This mostly occurs with low end, but for example, what can happen is if you are standing semi close to eachother, the sound waves are hitting each mic system at different moments...so for source A when a drum hits...the sound wave may hit the mic by starting in a upward motion, then back down, then back up...etc like a wave. But say source B the wave starts in a downward motion. When mixing the sources, they will cancle eachother out, resulting in low end. In fact if postioned just right...all sound can be cancled out all together.

Now on the other hand...if the mics are positioned at the same spot, the waves will feed off eachother and actually amplify one another, giving you a more crisp sound.

This actually happened to me recently and I couldnt mix the shows. Pretty interesting though how if I took like .001 off one of the sources...the low end would start to cut out in different spots on the recordings since its lining up the waves differently. Crazy stuff I tell ya...good luck with it =)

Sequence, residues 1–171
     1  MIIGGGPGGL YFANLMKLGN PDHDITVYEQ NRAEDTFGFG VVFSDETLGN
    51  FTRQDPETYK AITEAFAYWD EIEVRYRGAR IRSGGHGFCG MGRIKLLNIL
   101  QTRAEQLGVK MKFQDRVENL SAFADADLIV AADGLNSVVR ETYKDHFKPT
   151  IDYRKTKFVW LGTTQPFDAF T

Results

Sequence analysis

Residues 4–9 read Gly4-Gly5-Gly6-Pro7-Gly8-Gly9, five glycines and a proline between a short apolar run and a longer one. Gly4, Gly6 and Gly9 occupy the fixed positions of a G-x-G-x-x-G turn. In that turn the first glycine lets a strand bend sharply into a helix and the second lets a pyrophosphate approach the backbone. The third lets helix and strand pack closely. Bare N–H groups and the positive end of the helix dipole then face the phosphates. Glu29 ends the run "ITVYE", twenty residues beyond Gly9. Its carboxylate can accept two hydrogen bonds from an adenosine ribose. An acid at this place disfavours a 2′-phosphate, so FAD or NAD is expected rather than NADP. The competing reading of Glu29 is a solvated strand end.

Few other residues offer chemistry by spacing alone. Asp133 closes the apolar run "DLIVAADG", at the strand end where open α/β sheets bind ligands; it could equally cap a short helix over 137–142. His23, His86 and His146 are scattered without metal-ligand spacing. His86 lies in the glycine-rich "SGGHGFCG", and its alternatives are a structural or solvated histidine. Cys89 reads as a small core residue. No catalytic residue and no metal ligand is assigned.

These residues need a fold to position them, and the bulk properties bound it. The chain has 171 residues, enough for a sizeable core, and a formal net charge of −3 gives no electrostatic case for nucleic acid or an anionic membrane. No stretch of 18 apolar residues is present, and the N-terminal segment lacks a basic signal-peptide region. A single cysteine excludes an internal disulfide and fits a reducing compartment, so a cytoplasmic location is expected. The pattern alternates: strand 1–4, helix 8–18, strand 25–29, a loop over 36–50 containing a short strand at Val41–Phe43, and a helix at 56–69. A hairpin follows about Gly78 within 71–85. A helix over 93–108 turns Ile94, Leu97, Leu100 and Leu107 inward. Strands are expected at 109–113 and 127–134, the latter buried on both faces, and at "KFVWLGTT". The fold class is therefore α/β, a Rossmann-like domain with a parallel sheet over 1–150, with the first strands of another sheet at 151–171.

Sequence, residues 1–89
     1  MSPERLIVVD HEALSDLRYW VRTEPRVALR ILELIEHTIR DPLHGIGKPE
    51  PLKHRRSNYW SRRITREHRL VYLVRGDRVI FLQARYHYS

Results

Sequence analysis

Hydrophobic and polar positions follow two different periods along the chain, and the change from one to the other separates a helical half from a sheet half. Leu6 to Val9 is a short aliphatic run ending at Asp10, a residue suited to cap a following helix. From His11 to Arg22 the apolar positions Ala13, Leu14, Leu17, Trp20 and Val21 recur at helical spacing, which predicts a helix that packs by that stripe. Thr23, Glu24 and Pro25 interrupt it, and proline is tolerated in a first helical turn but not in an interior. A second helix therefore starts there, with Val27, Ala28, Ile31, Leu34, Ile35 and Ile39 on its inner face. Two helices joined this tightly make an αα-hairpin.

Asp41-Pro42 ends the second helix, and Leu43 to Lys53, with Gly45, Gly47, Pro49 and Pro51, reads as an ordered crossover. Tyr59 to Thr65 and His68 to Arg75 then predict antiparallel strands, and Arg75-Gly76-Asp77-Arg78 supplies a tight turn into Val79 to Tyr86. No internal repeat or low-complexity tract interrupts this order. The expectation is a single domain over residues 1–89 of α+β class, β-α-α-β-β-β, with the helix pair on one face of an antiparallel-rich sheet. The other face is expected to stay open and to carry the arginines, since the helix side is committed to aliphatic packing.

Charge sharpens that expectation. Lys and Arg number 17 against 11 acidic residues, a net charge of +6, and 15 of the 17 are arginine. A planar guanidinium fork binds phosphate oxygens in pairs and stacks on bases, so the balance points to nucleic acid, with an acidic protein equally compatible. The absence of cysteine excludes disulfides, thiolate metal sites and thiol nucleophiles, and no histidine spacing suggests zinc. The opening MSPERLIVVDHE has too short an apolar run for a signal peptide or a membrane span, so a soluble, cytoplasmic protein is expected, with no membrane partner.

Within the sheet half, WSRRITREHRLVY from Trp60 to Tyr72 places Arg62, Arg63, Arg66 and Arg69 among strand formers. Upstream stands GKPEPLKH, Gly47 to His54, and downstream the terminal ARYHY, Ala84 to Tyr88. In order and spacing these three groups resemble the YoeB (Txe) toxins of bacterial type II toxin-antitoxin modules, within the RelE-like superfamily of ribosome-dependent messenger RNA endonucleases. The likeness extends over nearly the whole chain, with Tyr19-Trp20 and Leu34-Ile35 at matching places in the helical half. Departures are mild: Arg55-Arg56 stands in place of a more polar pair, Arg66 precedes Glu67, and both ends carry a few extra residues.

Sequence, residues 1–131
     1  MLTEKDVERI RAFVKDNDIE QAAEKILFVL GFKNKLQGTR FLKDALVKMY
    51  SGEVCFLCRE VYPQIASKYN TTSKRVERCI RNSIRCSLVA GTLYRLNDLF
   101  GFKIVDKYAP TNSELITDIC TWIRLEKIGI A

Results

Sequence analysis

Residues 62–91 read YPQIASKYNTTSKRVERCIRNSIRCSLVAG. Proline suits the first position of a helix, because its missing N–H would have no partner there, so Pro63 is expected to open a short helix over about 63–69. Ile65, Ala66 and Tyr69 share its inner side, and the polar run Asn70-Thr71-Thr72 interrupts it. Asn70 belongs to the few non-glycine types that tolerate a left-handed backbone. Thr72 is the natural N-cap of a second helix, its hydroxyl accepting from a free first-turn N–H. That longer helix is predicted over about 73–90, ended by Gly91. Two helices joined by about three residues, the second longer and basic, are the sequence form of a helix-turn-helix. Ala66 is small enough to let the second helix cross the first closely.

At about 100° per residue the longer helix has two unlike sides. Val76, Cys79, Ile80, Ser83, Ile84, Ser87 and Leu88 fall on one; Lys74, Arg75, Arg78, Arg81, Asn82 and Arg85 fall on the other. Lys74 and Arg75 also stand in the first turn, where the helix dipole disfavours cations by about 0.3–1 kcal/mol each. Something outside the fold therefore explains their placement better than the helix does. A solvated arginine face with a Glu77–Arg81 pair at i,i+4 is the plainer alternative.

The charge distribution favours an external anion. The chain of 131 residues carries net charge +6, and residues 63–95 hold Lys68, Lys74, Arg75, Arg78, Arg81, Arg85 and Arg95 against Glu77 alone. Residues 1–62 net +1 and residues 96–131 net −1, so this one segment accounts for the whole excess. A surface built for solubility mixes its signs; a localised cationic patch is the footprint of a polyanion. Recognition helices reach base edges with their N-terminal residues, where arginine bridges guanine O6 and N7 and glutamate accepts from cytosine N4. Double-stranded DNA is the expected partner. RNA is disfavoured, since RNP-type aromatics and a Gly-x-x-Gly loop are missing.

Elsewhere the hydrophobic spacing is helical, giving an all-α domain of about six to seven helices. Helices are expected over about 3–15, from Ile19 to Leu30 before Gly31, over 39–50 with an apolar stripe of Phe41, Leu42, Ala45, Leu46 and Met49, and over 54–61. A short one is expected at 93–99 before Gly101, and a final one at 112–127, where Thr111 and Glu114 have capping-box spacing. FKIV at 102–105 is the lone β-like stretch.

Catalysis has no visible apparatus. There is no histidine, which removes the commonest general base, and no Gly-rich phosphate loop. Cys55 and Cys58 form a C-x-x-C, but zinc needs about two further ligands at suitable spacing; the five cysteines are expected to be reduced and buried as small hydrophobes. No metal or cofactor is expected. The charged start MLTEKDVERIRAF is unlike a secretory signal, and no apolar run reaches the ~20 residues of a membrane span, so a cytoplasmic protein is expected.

-Jason

severin
05-05-2003, 06:19 PM
Originally posted by GhostChild
The program I use most if Cool Edit Pro...im the multi-track program like he said. The best way to do it is use one source as the base source...so no time will be cut or added to that source. Then you want to section it off in like 20-30 mine sections. You will find if you try to mix the whole show at once, phasing will occur later in the mix, so to be safe do 3-4 songs at a time. Find a part in each recording that is distinctive, like a snare drum or a loud kick drum...dig into the file as deep as you can and find the time the best you can at which that drum beat or whatever you choose occurs for each source. Then find the difference in the times between the two sources, then either cut time off the 2nd source or add slience in the start. I also usually fade in the 2nd source and faded it out so it sounds more natural when its kicking in.

Also...a word of advice when mixing two audience sources. If the two sources were taping semi close to eachother, it can cause problems with the sound waves hitting each mic system.